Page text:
Uncertainty in highway design (2)

A previous post (here) referred to the concept of uncertainty in highway design and gave an example of how geometric design theory could allow for it. The example, from documentation from South Africa, referred to “design domain”. This concept concept “recognizes that there is a range of values, which could be adopted for a particular design parameter within absolute upper and lower limits” (Ref. 148).

Another example can be found in highway geometric design documents from Austroads, and also from other organisations in Australia. As its website says, Austroads (link) is “the association of Australian and New Zealand road transport and traffic authorities. Austroads promotes improved Australian and New Zealand transport outcomes by providing expert technical input to national policy development on road and road transport issues”. Austroads produces the “Austroads Guide to Road Design” (AGRD). The latest version was released in 2009.

Example 2: Australia – Extended Design Domain

(Ref. 1590) says that the Normal DesignDomain (NDD) :

“can be thought of as a range of values that a design parameter may take and be justified in an engineering sense and therefore can have a reasonable level of defence if questioned….”

 Extended Design Domain (EDD) in contrast is

“the use of criteria below the lower bound of the NDD criteria to address project constraints whilst ensuring that the objectives of the project and safety are still met”.

Note the comment that EDD only extends the lower bound of the NDD criteria. The following figure, taken from (Ref. 1590), illustrates the concept of EDD, and itself comes from theAGRD (Austroads Guide to Road Design) :

uncertainty 02_1

Regarding the application of EDD, (Ref. 1539) says that in the latest version of the AGRD, “definitive parameters have been provided for the designer to use in constrained locations for new works and for restoration type projects on existing roads”

Quoting AGRD part 2,(Ref.1590) says that “EDD extends the lower bound of the Design Domain that can be used for a new road, based on what can be justified and defended, on engineering grounds, in certain circumstances”. (Ref. 1590) also says that “There is less scope to apply EDD on high volume roads… (and) EDD can only be applied to existing roads with no crash history where the existing pavement design and other site constraints may prohibit the upgrade to current design standards”.

I haven’t yet got a copy of the AGRD part 3, but details in (Ref. 1539) at least allow one comparison to be made. The following table and chart compare one value for minimum horizontal radius from the new Austroads guide with a benchmark set of values from a Swiss geometric design document (ref. 732).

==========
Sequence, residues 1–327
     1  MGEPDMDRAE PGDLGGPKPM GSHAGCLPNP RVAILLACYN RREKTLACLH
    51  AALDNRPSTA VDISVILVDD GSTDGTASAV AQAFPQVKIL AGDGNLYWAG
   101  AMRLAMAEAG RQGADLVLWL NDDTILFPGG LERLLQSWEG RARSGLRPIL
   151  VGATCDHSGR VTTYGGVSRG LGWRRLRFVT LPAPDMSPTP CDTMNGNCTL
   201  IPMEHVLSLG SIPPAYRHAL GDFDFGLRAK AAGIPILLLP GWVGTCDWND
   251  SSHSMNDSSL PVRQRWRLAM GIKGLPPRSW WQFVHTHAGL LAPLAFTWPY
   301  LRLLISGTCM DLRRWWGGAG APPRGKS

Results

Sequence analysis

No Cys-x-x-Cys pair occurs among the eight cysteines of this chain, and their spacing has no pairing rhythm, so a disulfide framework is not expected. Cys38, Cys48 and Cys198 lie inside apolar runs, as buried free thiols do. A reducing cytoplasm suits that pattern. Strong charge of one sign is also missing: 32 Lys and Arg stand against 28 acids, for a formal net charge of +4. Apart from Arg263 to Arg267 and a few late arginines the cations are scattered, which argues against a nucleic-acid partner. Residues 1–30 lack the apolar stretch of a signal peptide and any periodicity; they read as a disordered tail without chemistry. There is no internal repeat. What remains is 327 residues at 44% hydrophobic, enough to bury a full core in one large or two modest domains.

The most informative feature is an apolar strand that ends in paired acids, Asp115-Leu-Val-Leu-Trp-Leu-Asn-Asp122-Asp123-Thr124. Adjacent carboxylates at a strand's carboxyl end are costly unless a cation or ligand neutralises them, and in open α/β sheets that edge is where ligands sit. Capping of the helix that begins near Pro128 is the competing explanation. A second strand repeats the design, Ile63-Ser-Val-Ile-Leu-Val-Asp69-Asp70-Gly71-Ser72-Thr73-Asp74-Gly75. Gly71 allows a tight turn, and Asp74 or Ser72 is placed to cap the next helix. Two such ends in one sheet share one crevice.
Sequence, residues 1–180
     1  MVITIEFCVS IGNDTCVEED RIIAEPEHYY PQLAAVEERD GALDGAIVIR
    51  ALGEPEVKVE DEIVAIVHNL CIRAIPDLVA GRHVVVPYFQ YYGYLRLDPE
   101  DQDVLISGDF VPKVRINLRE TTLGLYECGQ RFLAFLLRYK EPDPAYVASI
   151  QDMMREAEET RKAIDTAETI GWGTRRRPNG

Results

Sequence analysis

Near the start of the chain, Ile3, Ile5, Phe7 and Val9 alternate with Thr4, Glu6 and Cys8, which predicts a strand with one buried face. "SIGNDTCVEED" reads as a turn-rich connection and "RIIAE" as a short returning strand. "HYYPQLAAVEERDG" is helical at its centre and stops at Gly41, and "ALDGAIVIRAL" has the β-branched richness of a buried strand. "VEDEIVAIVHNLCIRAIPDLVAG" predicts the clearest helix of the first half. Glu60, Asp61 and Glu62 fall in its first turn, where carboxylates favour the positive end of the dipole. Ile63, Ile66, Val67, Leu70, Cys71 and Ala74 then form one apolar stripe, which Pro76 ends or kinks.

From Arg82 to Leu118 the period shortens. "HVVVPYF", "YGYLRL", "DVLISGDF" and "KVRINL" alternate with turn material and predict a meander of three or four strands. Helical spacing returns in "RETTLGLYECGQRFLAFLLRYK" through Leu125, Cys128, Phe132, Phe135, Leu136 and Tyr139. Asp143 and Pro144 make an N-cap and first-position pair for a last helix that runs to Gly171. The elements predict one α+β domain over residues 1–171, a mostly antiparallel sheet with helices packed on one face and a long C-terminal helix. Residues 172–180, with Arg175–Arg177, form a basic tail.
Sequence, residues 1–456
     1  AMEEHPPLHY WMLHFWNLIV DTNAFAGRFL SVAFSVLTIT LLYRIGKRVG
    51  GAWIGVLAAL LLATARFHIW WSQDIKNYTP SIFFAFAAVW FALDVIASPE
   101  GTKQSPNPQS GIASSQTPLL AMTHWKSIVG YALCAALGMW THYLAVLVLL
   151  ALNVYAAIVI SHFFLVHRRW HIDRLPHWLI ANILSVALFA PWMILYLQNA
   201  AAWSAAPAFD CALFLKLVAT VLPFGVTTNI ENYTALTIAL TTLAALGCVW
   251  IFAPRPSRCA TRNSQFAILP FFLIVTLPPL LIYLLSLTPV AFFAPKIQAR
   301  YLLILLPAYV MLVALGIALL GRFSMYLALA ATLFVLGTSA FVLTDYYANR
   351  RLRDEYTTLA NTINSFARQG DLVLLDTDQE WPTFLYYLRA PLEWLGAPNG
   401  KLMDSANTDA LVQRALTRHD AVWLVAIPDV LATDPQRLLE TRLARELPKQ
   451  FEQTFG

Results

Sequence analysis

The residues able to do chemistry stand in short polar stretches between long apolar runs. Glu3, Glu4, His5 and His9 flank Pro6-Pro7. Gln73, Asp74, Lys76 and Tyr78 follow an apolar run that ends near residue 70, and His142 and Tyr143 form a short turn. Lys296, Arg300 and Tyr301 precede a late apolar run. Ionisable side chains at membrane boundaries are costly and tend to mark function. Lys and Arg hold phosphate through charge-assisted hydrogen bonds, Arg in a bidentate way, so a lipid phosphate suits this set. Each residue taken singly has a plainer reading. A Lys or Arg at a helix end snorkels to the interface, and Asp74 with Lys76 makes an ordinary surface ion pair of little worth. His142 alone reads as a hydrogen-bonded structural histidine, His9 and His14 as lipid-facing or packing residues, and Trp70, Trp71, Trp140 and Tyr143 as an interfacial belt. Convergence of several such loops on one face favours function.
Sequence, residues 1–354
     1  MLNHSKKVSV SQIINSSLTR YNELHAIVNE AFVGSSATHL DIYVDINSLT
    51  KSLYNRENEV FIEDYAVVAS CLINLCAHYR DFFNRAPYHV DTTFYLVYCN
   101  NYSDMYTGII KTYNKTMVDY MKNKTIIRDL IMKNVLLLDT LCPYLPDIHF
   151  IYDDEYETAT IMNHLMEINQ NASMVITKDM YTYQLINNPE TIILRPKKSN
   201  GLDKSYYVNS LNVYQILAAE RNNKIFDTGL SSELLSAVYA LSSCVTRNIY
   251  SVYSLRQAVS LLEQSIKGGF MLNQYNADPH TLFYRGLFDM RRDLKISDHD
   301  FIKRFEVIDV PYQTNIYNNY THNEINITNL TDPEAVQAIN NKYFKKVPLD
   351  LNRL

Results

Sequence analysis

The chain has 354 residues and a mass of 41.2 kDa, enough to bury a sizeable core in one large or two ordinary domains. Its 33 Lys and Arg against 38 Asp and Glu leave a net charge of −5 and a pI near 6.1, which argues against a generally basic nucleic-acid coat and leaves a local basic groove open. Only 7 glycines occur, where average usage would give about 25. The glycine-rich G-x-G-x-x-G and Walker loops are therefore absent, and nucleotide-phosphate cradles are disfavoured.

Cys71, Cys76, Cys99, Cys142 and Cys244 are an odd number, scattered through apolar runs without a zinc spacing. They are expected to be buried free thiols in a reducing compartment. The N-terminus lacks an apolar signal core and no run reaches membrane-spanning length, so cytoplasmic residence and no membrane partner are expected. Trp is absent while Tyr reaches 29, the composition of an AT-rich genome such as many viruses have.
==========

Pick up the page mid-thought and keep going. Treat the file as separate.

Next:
uncertainty 02_2

and

uncertainty 02_3

Comment

The Austroads approach does not seem to mention any modification of upper limits to design values (the figure only shows EDD modifyin g the lower values). Also, the graphic (fig.2.1 from AGRD part 2) suggests that the lower value for EDD can be reduced even more where traffic flows are low. I don’t yet know if the design is based on forecast traffic flows, and if so, for what forecast year.

References

148 – South Africa, “Geometric design guide”, CSIR; 2002

732 – Switzerland, VSS “VSS 640-080 Projektierung, Grundlagen (basics of road design)”, 1991

1539 – Australia: Barton O’Callaghan, “New National Guide to Road Design”; 4th International Symposium on Highway Geometric Design; 2010

1590 – Australia, “VicRoads Supplement Part 2 – Design considerations”, VicRoads, 2012 (VicRoads is the road and traffic authority for the state of Victoria, Australia).

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About roadnotes

Robert Bartlett is an international consultant with over 30 years of professional experience as a highway and traffic engineer with leading companies and organisations in several countries, including Germany, China (Hong Kong), Qatar and the UK. Specialised in urban studies, transport and the use of GIS, research has included new ideas on subjects such as the study of social justice using GIS, the dimensions of vehicles, and comparative geometrics (highways and transport).
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